Tech

Huawei Cloud targeted by updated cryptomining malware

A new version of a Linux crypto-mining malware previously used to target Docker containers in 2020 now focuses on new cloud service providers like the Huawei Cloud.

The analysis of the new campaign comes from researchers at TrendMicro, who explains how the malware has evolved with new features while retaining its previous functionality.

More specifically, the newer samples have commented out the firewall rules creation function (but it’s still there) and continue to drop a network scanner to map other hosts with API-relevant ports.

However, the new malware version only targets cloud environments and is now seeking out and removing any other cryptojacking scripts that may have previously infected the system.

When infecting a Linux system, the malicious coinminer will perform the following steps, which include the removal of users creating by competing crypto-mining malware distributors.

The malware's order of fuctions
The malware’s order of functions
Source: Trend Micro

After removing users created by other threat actors, the actors add their own users, a common step for many cloud-targeting cryptojackers. However, unlike many other cryptominers, the malware adds their user accounts to the sudoers list, giving them root access to the device.

To ensure that persistence is maintained on the device, the attackers use their own ssh-RSA key to perform system modifications and change the file permissions to a locked state.

This means that even if another actor gains access to the device in the future, they won’t be able to take complete control of the vulnerable machine.

The actors install the Tor proxy service to protect communications from network scanning detection and scrutiny, passing all connections through it for anonymization.

Binary deployment diagram
Binary deployment diagram
Source: TrendMicro

The binaries that are dropped (“linux64_shell”, ”ff.sh”, “fczyo”, “xlinux”) feature some level of obfuscation, and TrendMicro has seen signs of the UPX packer having been deployed for the wrapping.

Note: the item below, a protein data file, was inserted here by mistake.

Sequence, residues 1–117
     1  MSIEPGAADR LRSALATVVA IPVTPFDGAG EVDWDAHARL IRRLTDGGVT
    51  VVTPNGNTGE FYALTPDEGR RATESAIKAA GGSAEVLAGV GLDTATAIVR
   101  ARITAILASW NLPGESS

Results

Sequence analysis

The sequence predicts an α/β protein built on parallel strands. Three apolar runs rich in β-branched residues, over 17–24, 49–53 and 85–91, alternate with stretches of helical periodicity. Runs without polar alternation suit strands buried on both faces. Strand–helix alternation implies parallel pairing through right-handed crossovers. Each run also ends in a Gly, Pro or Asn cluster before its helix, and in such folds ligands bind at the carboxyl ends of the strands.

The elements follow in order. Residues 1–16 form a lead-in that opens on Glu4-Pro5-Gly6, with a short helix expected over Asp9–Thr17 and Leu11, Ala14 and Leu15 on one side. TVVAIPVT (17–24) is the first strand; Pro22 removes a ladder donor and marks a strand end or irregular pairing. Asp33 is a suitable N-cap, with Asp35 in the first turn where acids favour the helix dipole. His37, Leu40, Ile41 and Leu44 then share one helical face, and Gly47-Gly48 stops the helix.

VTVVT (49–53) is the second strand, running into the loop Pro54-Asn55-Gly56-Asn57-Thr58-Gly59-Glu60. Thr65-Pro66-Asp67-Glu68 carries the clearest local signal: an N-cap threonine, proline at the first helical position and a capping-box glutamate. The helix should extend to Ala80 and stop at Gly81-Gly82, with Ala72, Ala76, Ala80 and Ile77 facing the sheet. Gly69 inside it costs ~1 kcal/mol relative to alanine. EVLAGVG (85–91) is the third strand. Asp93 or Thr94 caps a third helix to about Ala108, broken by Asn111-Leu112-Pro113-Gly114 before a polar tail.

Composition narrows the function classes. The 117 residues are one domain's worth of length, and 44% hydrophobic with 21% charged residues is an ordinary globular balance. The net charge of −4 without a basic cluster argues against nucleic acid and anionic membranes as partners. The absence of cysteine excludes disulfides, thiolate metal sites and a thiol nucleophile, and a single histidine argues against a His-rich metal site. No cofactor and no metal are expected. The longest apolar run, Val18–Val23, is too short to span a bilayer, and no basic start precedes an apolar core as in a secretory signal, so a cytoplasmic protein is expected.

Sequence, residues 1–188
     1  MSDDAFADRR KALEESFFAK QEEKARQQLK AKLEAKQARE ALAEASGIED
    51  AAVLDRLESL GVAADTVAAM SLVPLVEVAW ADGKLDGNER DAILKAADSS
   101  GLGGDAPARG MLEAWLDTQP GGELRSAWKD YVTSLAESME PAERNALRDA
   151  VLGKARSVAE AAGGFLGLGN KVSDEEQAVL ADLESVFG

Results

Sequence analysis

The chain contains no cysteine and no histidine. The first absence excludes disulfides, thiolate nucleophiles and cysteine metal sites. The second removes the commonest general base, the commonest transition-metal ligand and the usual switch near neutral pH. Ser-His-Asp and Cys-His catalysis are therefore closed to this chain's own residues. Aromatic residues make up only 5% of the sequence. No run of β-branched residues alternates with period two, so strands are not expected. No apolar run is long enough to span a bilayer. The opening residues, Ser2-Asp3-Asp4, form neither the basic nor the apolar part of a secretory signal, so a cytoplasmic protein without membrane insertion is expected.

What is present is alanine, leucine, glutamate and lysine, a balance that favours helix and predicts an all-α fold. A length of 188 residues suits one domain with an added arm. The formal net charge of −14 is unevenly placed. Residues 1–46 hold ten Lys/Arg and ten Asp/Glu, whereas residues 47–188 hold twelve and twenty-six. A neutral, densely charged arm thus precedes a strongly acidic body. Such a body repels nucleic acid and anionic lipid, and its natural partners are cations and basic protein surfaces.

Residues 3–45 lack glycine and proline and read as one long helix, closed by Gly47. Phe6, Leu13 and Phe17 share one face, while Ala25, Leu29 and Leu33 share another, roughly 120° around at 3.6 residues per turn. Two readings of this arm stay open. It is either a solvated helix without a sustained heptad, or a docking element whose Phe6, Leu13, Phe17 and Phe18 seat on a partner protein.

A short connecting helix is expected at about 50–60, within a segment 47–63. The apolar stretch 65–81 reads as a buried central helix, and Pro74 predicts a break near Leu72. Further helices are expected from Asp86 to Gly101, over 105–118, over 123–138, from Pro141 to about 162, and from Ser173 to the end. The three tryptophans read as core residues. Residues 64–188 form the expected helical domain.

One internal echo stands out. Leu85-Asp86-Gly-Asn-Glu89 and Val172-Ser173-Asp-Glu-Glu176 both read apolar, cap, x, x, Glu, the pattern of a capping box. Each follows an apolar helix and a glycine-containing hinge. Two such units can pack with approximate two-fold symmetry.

UPX header seen in the binary
UPX header seen in the binary
Source: TrendMicro

The actors have gone through further tampering to tune the binaries for stealthiness against automated analysis and detection toolsets.

After gaining a foothold on a device, the hacker’s scripts will exploit remote systems and infect them with the malicious scripts and cryptominer.

The known vulnerabilities scanned during this attack include:

  • SSH weak passwords
  • Vulnerability in the Oracle WebLogic Server product of Oracle Fusion Middleware (CVE-2020-14882)
  • Redis unauthorized access or weak passwords
  • PostgreSQL unauthorized access or weak password
  • SQLServer weak password
  • MongoDB unauthorized access or weak password
  • File transfer protocol (FTP) weak password

CSP under bombardment

Huawei Cloud is a relatively new service, but the Chinese tech giant claims it’s already serving over three million customers. TrendMicro has informed Huawei of the campaign, but they haven’t received an acknowledgment yet.

Whether you deploy your instances, keep in mind that running vulnerability assessments and malware scans may not be enough to defend against this attack. You need to evaluate your CSP’s security model and adjust your approach to complement it with further protections.

These cloud-targeting crypto miners have been on the rise since the beginning of the year, and as long as crypto values are soaring, actors will have an incentive to make them more powerful and harder to detect.

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